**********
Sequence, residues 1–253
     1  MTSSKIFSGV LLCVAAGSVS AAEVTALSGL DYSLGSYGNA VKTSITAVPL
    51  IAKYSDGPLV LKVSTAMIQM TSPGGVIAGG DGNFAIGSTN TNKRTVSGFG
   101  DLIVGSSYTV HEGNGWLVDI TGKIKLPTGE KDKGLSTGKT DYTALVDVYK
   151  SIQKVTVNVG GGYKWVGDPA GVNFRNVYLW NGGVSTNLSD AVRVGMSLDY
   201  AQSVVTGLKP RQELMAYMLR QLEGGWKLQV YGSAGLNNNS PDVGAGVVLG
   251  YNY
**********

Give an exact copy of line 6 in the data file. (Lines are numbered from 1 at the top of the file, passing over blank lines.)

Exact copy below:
   201  AQSVVTGLKP RQELMAYMLR QLEGGWKLQV YGSAGLNNNS PDVGAGVVLG